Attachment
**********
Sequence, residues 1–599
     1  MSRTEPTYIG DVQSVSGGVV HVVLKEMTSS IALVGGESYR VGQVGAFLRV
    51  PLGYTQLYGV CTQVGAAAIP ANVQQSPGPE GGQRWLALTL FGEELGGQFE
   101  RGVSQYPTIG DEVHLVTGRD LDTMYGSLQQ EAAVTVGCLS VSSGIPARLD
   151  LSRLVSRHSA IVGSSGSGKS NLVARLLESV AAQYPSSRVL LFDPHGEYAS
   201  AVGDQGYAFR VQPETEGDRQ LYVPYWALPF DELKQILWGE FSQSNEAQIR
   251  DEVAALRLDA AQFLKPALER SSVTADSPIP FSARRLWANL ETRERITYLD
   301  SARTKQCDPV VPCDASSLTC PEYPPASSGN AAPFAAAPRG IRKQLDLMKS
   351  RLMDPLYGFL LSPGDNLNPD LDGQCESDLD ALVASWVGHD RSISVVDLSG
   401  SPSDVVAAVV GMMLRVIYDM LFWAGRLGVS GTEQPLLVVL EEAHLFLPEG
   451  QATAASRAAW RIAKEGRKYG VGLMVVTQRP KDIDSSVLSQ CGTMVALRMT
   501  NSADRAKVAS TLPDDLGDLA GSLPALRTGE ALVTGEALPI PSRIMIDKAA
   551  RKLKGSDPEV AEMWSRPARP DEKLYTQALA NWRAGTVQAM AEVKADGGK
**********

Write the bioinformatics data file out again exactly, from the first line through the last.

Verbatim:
Sequence, residues 1–599
     1  MSRTEPTYIG DVQSVSGGVV HVVLKEMTSS IALVGGESYR VGQVGAFLRV
    51  PLGYTQLYGV CTQVGAAAIP ANVQQSPGPE GGQRWLALTL FGEELGGQFE
   101  RGVSQYPTIG DEVHLVTGRD LDTMYGSLQQ EAAVTVGCLS VSSGIPARLD
   151  LSRLVSRHSA IVGSSGSGKS NLVARLLESV AAQYPSSRVL LFDPHGEYAS
   201  AVGDQGYAFR VQPETEGDRQ LYVPYWALPF DELKQILWGE FSQSNEAQIR
   251  DEVAALRLDA AQFLKPALER SSVTADSPIP FSARRLWANL ETRERITYLD
   301  SARTKQCDPV VPCDASSLTC PEYPPASSGN AAPFAAAPRG IRKQLDLMKS
   351  RLMDPLYGFL LSPGDNLNPD LDGQCESDLD ALVASWVGHD RSISVVDLSG
   401  SPSDVVAAVV GMMLRVIYDM LFWAGRLGVS GTEQPLLVVL EEAHLFLPEG
   451  QATAASRAAW RIAKEGRKYG VGLMVVTQRP KDIDSSVLSQ CGTMVALRMT
   501  NSADRAKVAS TLPDDLGDLA GSLPALRTGE ALVTGEALPI PSRIMIDKAA
   551  RKLKGSDPEV AEMWSRPARP DEKLYTQALA NWRAGTVQAM AEVKADGGK